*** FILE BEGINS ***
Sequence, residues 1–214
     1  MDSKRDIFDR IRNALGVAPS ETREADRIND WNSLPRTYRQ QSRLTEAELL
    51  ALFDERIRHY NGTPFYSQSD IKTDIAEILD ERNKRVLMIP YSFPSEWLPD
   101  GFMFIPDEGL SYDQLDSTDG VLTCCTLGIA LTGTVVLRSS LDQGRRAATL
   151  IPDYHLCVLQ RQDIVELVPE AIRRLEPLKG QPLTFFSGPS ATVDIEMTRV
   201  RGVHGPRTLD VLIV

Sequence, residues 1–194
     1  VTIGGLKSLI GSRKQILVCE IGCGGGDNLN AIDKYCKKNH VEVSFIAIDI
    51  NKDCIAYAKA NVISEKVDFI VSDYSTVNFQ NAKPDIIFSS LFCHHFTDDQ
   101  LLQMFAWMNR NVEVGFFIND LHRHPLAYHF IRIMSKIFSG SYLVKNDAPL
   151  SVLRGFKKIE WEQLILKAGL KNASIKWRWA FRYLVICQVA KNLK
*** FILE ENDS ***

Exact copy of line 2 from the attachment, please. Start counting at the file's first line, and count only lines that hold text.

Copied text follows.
     1  MDSKRDIFDR IRNALGVAPS ETREADRIND WNSLPRTYRQ QSRLTEAELL